AAJ: Did you ever see any barriers to your success?

JK: My parents saw my disability as no barrier and I grew up believing my physical disability would not stop me trying anything. Role models were few and there were few disabled people to identify with but I liked Elvis and other artists. I developed a liking for edgy material including Ska, British Metal—short, sweet, high energy tracks, not long self indulgent stuff—rockabilly, rock & roll and punk. The groove and message of reggae's peace, love and understanding along with a message for change and freedom also were influences for me. The songs about freedom had links I feel with some Irish songs and now with the songs I sing about disability stuff. Ian Dury was someone I admired and although he was not really a role model for me at first, he became a huge one later on when I learnt he was a disabled person too. Brilliant! I found I identified with the ways Dury handled his disability and performing, like how he held the microphone and how he made the smallest of movements to the beat. Those were things I could identify with.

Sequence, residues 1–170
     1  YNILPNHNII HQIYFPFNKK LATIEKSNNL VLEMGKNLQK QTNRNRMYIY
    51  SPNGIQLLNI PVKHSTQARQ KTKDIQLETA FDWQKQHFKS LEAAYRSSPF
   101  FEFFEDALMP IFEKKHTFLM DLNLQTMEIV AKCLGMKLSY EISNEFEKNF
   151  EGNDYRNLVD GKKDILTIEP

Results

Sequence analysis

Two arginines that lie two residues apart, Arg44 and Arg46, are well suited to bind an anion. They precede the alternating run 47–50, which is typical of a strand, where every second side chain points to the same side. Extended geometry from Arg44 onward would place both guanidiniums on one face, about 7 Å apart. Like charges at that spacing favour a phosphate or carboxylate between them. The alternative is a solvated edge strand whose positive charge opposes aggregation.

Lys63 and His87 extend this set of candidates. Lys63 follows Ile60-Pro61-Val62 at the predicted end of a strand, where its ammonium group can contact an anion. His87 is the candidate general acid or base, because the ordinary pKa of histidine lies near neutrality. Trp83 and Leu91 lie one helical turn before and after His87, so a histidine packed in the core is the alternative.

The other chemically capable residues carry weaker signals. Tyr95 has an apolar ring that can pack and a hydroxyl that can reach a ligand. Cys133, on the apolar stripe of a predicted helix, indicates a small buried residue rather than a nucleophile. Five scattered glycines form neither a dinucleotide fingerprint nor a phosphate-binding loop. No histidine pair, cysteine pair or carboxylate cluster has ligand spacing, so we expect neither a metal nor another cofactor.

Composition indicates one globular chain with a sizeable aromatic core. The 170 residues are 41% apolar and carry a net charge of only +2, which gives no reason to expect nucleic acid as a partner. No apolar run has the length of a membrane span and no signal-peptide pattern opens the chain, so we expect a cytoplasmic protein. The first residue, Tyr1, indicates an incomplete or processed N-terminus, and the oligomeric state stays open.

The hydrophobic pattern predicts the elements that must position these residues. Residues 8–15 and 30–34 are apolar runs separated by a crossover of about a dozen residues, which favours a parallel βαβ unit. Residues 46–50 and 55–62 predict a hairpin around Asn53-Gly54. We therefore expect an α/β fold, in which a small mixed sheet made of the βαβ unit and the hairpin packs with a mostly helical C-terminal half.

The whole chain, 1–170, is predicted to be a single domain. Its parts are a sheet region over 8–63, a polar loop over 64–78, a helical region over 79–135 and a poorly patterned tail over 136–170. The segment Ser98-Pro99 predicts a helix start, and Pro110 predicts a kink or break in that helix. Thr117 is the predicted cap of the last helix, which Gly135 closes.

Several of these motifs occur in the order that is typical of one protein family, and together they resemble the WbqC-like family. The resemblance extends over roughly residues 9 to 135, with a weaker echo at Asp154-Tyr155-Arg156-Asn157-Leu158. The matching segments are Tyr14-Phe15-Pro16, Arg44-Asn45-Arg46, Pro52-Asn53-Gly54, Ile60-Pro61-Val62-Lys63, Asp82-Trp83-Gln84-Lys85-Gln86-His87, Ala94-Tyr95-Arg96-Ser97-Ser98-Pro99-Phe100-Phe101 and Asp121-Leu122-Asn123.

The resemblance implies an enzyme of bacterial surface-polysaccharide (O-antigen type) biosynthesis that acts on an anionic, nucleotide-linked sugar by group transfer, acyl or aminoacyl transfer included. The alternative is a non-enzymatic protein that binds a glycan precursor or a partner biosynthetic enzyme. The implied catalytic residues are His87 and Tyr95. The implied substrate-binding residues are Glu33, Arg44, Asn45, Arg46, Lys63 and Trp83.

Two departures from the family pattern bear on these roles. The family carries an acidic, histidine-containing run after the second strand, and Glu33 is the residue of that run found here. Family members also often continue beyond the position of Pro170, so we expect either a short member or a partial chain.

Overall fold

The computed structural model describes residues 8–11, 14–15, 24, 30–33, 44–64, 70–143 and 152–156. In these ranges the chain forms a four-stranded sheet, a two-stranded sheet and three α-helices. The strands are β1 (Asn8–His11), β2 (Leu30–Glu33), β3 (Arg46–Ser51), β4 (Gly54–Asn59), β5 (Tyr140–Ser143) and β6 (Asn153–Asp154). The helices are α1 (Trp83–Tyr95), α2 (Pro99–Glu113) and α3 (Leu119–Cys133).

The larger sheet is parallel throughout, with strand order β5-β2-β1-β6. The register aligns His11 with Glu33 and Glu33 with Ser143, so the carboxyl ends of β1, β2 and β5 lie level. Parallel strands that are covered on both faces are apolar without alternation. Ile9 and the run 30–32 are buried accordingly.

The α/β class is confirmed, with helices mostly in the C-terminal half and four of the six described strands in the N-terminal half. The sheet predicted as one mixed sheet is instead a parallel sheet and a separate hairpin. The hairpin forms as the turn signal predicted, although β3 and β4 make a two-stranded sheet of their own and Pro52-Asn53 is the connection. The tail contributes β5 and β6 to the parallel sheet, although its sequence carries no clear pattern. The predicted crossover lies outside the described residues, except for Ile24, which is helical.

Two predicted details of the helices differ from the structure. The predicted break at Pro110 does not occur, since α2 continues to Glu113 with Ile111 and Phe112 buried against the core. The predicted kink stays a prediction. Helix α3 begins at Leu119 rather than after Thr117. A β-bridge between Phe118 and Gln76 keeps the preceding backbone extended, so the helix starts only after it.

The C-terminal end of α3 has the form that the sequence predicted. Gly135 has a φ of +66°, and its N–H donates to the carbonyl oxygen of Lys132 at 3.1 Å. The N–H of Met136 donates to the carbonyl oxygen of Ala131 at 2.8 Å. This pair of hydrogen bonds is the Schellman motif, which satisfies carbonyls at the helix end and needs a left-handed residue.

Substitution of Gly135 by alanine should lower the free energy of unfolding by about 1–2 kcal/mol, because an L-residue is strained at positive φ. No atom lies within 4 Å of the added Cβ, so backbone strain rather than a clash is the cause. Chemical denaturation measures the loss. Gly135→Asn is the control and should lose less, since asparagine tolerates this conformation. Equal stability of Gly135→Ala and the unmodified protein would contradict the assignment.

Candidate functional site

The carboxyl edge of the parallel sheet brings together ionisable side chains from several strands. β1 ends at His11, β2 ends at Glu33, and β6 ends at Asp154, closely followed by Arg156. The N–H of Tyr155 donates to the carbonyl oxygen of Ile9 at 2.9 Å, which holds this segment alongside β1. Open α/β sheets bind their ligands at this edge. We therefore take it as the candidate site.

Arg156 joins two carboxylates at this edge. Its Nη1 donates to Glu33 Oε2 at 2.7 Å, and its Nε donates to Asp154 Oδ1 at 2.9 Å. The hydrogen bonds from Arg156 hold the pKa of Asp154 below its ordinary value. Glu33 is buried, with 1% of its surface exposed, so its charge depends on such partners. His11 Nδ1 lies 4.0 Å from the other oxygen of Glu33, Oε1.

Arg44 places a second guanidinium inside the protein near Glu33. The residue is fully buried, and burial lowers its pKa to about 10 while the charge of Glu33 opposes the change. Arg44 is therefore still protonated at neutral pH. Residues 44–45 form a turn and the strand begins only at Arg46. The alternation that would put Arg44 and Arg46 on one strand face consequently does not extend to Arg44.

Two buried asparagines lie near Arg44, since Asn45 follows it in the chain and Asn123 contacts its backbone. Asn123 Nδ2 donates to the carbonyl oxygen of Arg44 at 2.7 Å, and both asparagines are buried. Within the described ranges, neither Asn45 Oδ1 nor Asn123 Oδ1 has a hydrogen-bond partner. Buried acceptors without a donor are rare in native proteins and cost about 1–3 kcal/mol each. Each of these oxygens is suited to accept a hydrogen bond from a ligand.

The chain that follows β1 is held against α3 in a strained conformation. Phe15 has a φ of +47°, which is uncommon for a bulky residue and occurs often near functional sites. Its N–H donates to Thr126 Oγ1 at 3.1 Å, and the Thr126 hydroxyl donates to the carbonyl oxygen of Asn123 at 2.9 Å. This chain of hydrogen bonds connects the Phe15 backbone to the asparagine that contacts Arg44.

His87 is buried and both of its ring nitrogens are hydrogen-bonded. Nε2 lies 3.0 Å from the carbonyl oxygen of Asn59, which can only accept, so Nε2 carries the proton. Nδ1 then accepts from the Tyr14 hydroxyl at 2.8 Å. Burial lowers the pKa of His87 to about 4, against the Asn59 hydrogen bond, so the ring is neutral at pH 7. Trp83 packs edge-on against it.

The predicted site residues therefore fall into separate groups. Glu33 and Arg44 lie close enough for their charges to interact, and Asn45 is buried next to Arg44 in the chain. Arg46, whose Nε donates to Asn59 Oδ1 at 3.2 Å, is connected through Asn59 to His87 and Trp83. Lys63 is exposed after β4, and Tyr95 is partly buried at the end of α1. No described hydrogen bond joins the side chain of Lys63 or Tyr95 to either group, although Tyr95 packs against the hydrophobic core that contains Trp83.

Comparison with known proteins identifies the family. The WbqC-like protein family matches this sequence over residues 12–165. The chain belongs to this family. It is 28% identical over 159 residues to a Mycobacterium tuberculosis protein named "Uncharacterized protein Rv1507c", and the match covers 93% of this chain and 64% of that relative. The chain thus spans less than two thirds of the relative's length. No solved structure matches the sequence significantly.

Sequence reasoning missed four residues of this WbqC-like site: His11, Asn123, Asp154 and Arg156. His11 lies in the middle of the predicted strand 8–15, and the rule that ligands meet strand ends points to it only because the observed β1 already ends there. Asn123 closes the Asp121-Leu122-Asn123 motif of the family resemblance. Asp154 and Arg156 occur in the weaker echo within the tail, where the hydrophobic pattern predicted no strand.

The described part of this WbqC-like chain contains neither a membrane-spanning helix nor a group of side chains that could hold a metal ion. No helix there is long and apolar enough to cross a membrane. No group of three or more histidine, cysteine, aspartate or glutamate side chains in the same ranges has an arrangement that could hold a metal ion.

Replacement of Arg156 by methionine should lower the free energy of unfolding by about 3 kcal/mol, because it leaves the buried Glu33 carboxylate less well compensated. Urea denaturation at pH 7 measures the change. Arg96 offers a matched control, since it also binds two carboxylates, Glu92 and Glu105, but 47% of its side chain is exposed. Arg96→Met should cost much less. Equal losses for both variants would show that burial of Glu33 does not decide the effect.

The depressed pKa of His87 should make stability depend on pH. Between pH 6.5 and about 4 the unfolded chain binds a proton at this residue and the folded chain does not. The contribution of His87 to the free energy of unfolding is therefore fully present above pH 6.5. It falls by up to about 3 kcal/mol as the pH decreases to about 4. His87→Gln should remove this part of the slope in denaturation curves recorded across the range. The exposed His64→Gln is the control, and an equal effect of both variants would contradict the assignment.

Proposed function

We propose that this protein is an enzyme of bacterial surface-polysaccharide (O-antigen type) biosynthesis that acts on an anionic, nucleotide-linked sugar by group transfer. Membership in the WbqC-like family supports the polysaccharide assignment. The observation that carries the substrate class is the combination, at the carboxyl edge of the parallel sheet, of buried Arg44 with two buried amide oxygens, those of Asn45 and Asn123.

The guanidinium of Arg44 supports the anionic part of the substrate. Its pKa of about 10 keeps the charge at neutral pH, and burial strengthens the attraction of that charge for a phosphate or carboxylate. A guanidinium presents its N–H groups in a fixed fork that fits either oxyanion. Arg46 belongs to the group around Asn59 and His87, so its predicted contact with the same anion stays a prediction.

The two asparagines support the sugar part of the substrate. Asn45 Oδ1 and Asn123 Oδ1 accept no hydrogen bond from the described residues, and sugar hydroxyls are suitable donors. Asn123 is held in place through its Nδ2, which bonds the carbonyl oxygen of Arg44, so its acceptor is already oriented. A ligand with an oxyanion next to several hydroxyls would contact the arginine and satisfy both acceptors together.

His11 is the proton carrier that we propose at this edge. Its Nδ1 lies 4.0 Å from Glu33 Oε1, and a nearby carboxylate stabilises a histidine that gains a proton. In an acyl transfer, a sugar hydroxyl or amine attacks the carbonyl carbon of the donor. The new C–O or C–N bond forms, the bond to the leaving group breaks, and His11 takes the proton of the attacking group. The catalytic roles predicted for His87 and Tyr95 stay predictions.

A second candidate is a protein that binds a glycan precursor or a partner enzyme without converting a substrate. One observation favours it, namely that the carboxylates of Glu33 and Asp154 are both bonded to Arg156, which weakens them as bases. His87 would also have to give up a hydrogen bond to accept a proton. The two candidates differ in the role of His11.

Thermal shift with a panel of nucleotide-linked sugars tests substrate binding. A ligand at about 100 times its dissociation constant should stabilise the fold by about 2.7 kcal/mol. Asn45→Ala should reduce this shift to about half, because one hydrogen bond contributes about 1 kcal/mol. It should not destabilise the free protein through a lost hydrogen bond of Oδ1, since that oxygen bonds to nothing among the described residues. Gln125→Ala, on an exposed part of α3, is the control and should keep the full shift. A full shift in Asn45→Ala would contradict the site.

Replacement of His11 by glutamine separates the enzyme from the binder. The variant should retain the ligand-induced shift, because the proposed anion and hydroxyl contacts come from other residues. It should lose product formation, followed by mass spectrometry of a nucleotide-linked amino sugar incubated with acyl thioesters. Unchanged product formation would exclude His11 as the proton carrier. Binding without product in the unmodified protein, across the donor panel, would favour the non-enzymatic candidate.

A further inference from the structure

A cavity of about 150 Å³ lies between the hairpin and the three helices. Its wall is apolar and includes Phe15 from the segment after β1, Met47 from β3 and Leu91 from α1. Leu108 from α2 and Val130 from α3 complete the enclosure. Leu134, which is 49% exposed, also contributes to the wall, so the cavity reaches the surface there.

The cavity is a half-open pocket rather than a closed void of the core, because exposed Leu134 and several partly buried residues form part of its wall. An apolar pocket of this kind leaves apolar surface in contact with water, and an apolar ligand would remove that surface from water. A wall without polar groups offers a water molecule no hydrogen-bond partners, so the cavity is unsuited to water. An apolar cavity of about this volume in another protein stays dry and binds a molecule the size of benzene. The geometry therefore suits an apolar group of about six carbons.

AAJ: What were your first bands?

JK: As a teenager, my first band was WAC (We Are Cripples). We were absolute rubbish! We had only a snare drum and a high hat-the rest of the stuff we had to make as our school had few instruments. I had a guitar on my lap and we just made a load of noise basically.

AAJ: so what made you take music and performing more seriously?

JK: When I was maybe about fifteen or sixteen I saw a short film which changed how I viewed performing. It was a short documentary, only a few minutes long, about a group of disabled blokes who played open-tuned guitars on the trays of their wheelchairs. They had adapted their style to hold the guitar differently from the traditional way. It made me see the possibilities of adapting and modifying various instruments.

AAJ: so what happened next?